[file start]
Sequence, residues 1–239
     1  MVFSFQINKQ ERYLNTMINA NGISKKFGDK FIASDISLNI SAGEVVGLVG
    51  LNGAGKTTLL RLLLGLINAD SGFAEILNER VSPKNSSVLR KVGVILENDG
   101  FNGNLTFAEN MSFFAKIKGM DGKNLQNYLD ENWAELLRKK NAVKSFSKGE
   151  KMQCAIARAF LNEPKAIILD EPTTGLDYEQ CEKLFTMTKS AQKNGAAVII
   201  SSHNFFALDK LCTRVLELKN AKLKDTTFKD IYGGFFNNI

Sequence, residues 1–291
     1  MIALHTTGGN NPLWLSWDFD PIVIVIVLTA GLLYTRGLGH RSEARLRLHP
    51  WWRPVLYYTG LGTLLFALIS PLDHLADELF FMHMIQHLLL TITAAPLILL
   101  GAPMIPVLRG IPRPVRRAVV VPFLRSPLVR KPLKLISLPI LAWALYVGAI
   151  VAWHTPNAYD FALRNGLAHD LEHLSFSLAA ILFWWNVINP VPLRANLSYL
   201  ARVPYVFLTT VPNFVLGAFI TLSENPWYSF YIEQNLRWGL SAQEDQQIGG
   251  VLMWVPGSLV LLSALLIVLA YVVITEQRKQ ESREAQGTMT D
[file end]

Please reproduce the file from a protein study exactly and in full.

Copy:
Sequence, residues 1–239
     1  MVFSFQINKQ ERYLNTMINA NGISKKFGDK FIASDISLNI SAGEVVGLVG
    51  LNGAGKTTLL RLLLGLINAD SGFAEILNER VSPKNSSVLR KVGVILENDG
   101  FNGNLTFAEN MSFFAKIKGM DGKNLQNYLD ENWAELLRKK NAVKSFSKGE
   151  KMQCAIARAF LNEPKAIILD EPTTGLDYEQ CEKLFTMTKS AQKNGAAVII
   201  SSHNFFALDK LCTRVLELKN AKLKDTTFKD IYGGFFNNI

Sequence, residues 1–291
     1  MIALHTTGGN NPLWLSWDFD PIVIVIVLTA GLLYTRGLGH RSEARLRLHP
    51  WWRPVLYYTG LGTLLFALIS PLDHLADELF FMHMIQHLLL TITAAPLILL
   101  GAPMIPVLRG IPRPVRRAVV VPFLRSPLVR KPLKLISLPI LAWALYVGAI
   151  VAWHTPNAYD FALRNGLAHD LEHLSFSLAA ILFWWNVINP VPLRANLSYL
   201  ARVPYVFLTT VPNFVLGAFI TLSENPWYSF YIEQNLRWGL SAQEDQQIGG
   251  VLMWVPGSLV LLSALLIVLA YVVITEQRKQ ESREAQGTMT D